“The Embassy of the Republic of Ghana near Monrovia wishes to urge the general public in the Republic of Liberia to disregard a piece of fake news ostensibly made to the ECOWAS Parliament by His Excellency Nana Addo Dankwa Akufo-Addo, President of the Republic of Ghana,” the Embassy stated in a statement.

It added: “The Mission categorically states that the President at no time in point made the statement in question to the ECOWAS Parliament. The Mission takes the opportunity to reaffirm that Ghana cherishes its close relations with the Republic of Liberia, and Liberians will always be welcomed in Liberia.”

The Embassy’s release further noted that Ghana stands ready to cooperate with the Republic of Liberia in the “mutual development of our two nations”.

Cynicism Still Mounts

Though the Ghana Embassy’s release was timely, as an earlier report by the Masses’ Voices nearly ruffled diplomatic feathers at least in the public spheres, some Liberians still believe President Boakai’s February 13 trip to Ghana was something else other than stated by the Executive Mansion releases.

“If the President did not leave the country to seek quick medical attention, if the trip was to meet a colleague, then why did he leave the country without the usual presidential departure formalities at the airport,” said intern Joseph T. Kamonah.

Others also contended strongly that the Boakai visit was not announced because, as legislative staffer James Menthan, Jr. indicated in a write out, “official visits the world over are covered by the media, both local and international.”

“But for the Boakai visit, we neither saw photographs, both live and otherwise, nor a release from the Executive Mansion as to what was discussed,” Menthan said. “How come the entire trip was so opaque media-wise, and yet folks want us to believe it was official.”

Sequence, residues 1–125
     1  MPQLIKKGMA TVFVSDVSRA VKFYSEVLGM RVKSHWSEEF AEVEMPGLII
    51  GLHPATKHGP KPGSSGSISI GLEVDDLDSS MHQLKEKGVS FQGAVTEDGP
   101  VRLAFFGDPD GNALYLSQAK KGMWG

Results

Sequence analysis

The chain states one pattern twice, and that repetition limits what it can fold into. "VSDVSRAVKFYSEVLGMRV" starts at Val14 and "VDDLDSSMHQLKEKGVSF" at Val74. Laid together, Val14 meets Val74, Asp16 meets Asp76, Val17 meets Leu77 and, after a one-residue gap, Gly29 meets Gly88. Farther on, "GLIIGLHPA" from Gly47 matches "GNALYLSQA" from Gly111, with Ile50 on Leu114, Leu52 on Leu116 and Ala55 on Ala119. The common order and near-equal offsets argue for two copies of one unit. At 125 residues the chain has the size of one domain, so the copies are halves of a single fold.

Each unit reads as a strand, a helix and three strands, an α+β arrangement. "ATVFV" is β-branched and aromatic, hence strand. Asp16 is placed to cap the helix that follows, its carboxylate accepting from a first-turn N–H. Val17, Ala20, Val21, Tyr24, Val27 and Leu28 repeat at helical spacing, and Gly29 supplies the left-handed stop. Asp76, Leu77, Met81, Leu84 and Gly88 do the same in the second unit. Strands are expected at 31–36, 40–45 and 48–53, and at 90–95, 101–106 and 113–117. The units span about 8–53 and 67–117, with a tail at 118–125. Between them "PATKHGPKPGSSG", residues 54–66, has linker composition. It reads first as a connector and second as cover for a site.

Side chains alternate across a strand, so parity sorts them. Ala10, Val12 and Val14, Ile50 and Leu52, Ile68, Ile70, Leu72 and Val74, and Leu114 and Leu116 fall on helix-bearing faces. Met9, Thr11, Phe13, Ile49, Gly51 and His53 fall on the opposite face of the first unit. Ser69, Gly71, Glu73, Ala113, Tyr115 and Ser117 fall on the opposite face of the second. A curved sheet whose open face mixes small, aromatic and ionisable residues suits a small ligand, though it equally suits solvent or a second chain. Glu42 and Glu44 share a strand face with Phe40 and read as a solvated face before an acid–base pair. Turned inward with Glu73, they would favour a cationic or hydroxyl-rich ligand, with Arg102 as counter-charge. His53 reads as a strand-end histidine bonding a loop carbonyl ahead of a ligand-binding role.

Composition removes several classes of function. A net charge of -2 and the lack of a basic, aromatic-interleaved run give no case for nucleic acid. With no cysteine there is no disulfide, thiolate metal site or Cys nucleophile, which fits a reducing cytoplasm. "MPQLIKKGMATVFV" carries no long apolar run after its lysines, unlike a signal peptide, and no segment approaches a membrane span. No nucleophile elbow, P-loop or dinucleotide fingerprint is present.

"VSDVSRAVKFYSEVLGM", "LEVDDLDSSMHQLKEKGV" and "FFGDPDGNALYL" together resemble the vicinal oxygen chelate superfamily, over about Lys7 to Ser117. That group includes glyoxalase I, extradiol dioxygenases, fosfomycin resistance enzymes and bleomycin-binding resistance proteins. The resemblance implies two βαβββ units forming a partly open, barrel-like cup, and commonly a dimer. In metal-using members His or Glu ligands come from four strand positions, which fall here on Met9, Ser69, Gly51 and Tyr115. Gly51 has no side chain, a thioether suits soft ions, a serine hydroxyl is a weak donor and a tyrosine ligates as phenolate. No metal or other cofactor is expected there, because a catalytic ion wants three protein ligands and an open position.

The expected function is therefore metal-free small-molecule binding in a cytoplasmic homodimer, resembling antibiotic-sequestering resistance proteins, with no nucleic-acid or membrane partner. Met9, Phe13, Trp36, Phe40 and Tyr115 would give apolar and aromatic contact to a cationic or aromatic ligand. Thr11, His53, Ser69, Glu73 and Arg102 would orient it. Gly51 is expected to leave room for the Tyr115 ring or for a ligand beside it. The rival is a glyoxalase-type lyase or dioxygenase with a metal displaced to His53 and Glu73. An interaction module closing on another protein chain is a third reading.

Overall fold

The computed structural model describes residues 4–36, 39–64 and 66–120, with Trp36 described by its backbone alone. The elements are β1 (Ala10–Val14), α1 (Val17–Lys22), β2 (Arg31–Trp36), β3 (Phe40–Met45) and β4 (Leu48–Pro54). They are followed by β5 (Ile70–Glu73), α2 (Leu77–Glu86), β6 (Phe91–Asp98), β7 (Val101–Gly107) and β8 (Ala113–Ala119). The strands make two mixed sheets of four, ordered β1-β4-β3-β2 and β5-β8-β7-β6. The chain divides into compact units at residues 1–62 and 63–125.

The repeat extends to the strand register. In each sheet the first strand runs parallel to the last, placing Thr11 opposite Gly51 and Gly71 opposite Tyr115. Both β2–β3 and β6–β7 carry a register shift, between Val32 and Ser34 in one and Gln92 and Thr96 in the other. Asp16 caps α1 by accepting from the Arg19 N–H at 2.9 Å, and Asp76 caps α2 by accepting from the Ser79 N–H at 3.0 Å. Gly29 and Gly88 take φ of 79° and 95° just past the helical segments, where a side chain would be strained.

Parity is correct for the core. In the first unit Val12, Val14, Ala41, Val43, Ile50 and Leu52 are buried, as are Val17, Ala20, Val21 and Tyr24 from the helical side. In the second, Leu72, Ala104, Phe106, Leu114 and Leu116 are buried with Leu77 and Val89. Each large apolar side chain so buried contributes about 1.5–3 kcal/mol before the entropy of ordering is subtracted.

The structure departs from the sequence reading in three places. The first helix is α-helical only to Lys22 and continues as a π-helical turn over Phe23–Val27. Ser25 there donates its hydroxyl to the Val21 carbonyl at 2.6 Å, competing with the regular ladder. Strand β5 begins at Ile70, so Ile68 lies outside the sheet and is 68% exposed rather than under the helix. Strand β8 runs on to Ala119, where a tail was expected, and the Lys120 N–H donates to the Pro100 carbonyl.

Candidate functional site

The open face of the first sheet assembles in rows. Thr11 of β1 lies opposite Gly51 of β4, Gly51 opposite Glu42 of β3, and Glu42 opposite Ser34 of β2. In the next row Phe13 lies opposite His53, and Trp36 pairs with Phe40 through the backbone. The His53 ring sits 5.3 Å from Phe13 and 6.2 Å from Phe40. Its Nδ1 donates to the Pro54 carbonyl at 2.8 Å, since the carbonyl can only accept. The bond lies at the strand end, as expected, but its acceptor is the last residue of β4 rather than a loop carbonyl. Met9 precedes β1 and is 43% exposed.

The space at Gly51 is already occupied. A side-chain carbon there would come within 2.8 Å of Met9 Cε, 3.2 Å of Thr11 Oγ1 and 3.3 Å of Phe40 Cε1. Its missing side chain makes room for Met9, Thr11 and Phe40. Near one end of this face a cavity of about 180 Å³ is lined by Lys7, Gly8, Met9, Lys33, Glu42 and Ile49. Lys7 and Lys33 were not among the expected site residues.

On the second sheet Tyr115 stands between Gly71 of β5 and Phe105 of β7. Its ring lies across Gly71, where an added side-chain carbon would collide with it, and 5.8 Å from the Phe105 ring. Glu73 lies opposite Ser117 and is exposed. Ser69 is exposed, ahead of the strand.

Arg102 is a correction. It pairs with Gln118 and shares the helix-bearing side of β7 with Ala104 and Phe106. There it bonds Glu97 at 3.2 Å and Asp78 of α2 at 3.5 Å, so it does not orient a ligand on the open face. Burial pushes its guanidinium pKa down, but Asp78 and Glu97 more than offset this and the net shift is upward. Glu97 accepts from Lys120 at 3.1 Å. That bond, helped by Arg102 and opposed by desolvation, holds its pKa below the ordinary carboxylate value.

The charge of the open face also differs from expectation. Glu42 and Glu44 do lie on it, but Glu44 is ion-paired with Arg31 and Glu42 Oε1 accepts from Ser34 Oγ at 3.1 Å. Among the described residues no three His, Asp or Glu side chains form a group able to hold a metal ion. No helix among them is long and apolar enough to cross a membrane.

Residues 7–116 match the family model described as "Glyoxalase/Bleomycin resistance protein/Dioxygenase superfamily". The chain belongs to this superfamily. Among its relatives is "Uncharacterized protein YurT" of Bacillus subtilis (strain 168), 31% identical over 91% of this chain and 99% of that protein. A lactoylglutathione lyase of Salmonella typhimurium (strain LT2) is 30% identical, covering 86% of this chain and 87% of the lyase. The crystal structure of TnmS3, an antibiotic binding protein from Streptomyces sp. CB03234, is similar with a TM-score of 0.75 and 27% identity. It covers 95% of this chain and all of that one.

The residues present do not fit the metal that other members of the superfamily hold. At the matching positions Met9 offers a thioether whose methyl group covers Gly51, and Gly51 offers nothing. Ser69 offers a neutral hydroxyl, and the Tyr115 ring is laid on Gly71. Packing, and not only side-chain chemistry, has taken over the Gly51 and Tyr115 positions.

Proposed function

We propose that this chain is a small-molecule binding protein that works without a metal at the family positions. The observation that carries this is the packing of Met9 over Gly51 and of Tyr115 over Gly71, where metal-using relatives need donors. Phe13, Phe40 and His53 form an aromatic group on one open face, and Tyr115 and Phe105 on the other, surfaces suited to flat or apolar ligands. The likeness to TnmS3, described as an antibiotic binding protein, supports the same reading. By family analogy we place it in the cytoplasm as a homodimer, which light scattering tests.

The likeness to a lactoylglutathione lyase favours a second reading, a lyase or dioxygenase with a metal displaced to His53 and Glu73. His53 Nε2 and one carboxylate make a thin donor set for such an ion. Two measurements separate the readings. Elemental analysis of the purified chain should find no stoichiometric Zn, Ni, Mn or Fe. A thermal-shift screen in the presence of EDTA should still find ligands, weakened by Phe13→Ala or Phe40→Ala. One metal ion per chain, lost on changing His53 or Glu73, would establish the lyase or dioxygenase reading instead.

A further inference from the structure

Another Liberian, Othello D. Sonpon, II said: “For me, I don’t believe Boakai was in Ghana on official duty. At about the same time the president was leaving Liberia, the Ghanaian leader was out of the country. He was in Addis Ababa for an AU meeting. So, Boakai and his media people should stop playing on Liberians on this. Misleading information of this magnitude will further damage the integrity of the regime.”

He continued: “Even by reading the Ghana Embassy’s clarification, I think the main issue was side-stepped. If the Embassy knows that Boakai was in Ghana, why did they not state that he met with their president? Or are they in collusion with the contradiction by the Liberian government, mainly the Executive Mansion?”

“President Boakai does not have to run this country on such clear misinformation and subterfuge,” J. Philip Jay, who claims to be a CDC coordinator, said. “Clearly evidently, Boakai went to Ghana for different reasons other than stated by the Executive Mansion.”

He continued: “Take for instance. In the release of February 13, the Executive Mansion press said the President was departing the country to meet with his counterpart, Nana Addo Dankwa AkufoAddo. Then when he returned, the Executive Mansion said Mr. Boakai met with a team of Ghanaian government officials, without saying what happened with the meeting announced to have been held with the country’s president. Even the meeting with Ghanaian government officials, had no pictures to show it actually happened.”

He added: “Everyone takes pleasure in our president, as young as his administration is, to travel and meet different governments near and far. But to use misinformation and cover-ups is irresponsible and should not be repeated.”